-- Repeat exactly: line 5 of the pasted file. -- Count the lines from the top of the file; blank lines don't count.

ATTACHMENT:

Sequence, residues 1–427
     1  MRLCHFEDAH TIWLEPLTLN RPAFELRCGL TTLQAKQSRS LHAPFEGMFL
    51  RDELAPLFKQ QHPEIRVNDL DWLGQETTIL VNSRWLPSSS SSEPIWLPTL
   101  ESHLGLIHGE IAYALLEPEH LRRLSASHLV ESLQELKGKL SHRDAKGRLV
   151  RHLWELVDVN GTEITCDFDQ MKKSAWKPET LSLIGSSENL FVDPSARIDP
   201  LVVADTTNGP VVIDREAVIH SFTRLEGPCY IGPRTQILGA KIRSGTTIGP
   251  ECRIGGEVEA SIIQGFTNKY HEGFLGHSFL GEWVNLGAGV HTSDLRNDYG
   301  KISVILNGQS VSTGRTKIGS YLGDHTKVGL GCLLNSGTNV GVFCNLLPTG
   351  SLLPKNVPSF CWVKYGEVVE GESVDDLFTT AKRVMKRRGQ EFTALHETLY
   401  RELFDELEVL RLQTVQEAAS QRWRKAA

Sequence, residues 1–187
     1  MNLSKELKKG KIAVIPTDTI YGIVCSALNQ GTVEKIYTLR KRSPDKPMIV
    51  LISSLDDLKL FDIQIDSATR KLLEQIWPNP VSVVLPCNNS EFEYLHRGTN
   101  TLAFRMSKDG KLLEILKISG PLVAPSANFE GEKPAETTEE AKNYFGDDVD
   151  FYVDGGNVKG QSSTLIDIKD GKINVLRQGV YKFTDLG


   151  RHLWELVDVN GTEITCDFDQ MKKSAWKPET LSLIGSSENL FVDPSARIDP